It was maybe a month after that when I heard that another high school friend’s younger sister (let’s call her M) was in hospital for a double mastectomy.  She is not even 40 yet.  But when I asked when she had been diagnosed, I learnt that she did not have cancer.  However, her mom had died young of breast cancer and tests had revealed that M had an abnormal BRCA1 gene.  Women who inherit a defective BRCA1 (or BRCA2) gene have risks for breast and ovarian cancer that are so high that they often consider having healthy breasts removed in order to prevent the development and possible spread of cancer later in their lives.  This is exactly the terrible decision that M had been forced to make.  Having witnessed her mom’s death and having two small sons herself, she had finally taken the painful decision to have her two healthy breasts removed. 

I have heard people expressing doubt about the wisdom of a prophylactic mastectomy, removing healthy breasts “just in case”.  People can view it as an overreaction and point out that the surgery itself carries all sorts of risks.  But at that moment all I wondered was what my old school friend J would have said to M if she could just have had a few minutes to sit and talk to her.  But most of all I wondered when we will be able to live in a world where young, vital people are not snatched away from their familes in the prime of their lives, and where women like M will not be driven by fear of a disease to make such terrible choices.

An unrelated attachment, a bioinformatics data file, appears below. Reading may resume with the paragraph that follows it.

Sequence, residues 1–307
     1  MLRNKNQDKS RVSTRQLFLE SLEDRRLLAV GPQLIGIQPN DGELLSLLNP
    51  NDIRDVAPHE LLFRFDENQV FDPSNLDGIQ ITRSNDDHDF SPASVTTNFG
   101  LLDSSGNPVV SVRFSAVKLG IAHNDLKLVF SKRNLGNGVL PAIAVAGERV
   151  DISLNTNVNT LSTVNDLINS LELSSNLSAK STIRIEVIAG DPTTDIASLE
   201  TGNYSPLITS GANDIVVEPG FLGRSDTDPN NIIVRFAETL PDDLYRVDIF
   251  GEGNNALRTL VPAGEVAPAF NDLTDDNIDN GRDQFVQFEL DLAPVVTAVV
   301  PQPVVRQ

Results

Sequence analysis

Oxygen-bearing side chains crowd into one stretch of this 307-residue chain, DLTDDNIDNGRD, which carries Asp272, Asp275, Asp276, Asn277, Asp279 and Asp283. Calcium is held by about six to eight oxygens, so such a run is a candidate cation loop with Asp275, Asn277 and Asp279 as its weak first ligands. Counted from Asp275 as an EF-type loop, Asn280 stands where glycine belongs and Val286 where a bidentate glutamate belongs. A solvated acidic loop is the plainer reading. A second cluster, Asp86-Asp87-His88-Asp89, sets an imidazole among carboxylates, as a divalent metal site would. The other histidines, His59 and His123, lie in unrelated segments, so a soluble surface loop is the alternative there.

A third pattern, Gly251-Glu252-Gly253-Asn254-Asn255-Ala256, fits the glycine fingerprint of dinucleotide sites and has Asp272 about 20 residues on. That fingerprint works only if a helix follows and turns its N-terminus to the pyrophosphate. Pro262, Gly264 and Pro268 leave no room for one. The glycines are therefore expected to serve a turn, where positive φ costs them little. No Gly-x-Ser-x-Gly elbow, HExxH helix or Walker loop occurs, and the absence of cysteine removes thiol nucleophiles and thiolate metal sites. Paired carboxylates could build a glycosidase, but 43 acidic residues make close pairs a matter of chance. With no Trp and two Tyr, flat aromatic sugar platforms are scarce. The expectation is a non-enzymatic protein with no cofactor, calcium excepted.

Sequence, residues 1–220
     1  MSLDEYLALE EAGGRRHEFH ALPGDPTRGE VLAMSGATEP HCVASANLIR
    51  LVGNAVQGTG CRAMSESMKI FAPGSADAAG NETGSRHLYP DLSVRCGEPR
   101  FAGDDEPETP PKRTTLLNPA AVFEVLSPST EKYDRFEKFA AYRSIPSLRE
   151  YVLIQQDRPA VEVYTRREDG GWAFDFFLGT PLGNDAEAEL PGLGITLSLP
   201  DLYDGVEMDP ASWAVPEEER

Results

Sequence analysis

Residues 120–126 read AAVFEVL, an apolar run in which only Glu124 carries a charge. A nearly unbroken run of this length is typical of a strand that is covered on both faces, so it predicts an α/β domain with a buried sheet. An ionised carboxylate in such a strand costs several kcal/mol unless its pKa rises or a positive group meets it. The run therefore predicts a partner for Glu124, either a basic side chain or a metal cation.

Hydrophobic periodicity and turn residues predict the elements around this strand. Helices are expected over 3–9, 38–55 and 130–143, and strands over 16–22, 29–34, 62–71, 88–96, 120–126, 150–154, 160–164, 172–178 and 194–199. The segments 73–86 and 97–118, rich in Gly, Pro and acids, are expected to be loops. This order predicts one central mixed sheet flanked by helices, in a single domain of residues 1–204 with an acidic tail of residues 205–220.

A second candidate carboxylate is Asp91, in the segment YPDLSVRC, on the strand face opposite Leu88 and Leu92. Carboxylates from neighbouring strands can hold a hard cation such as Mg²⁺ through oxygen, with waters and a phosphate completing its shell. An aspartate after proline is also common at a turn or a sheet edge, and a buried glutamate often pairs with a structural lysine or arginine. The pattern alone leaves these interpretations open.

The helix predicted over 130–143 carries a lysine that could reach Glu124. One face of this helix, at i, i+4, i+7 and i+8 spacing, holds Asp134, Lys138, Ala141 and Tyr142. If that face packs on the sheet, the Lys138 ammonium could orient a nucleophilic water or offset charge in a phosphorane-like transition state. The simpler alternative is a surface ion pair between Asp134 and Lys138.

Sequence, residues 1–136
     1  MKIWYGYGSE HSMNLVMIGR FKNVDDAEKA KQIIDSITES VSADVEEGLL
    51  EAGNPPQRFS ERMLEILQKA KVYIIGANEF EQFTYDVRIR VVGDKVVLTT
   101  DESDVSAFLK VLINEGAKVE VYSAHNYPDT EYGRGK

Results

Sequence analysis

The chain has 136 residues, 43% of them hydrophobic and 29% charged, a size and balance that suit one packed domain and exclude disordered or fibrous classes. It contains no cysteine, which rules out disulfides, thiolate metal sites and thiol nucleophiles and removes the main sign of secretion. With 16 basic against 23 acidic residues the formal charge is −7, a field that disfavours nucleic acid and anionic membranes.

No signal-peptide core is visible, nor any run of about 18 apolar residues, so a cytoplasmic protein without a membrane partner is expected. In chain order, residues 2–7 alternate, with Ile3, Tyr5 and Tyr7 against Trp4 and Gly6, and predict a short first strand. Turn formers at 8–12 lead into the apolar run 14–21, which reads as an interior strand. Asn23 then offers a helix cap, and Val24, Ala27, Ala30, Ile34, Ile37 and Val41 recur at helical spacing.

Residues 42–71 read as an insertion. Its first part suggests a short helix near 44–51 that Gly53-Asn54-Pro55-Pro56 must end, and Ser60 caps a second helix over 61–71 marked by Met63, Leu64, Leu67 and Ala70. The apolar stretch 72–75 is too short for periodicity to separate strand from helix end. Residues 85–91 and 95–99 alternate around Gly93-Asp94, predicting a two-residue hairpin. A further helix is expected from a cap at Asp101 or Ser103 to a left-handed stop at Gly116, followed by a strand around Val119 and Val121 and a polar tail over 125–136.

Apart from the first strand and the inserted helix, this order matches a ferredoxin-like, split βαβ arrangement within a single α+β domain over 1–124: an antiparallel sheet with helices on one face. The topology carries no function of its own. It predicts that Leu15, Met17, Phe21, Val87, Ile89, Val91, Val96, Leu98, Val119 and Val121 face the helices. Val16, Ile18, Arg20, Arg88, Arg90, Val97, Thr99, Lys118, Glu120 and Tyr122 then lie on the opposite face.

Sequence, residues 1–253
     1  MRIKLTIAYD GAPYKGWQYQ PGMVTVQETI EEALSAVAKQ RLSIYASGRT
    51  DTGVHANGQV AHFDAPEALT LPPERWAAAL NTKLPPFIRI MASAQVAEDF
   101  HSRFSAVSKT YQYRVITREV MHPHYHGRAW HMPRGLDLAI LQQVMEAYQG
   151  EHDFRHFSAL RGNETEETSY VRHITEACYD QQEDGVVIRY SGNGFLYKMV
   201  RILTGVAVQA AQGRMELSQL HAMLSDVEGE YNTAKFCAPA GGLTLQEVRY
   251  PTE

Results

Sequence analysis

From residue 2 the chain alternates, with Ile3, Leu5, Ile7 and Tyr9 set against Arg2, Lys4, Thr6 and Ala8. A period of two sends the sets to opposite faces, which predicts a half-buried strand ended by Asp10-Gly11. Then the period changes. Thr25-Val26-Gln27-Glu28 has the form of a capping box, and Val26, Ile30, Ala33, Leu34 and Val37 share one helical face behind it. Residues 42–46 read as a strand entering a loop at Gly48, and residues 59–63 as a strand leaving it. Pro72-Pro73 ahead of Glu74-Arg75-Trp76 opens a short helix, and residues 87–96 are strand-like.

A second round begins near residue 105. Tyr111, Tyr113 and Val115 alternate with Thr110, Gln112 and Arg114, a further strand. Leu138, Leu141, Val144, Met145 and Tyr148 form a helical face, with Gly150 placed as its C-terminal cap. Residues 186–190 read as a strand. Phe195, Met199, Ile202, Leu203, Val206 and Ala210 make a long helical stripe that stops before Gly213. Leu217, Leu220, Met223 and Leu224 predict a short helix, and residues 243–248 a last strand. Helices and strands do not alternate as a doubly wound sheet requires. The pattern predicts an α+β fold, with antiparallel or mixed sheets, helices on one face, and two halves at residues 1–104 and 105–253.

Today, 2 October 2010, has been designated LiveSTRONG Day 2010LiveSTRONG is a charity funded by cycling champion and cancer survivor Lance Armstrong to provide support for people affected by cancer and to fund research into cancer.  For a number of years now, my lovely friend Barbara (also a cancer survivor) has been hosting A Taste of Yellow to coincide with LiveSTRONG day and it is now an official LiveSTRONG Day event.  This year Barbara has asked us to submit yellow food once more… but with a twist.  Once a week this year, she has been posting a picture of a heart on her blog, and she has asked us to do the same, in yellow.  Here is my contribution, dear Barbara, dedicated to you, to the friends I have lost to cancer and to the friends who are cancer survivors.  Live well, live long, live happy – but most of all live strong.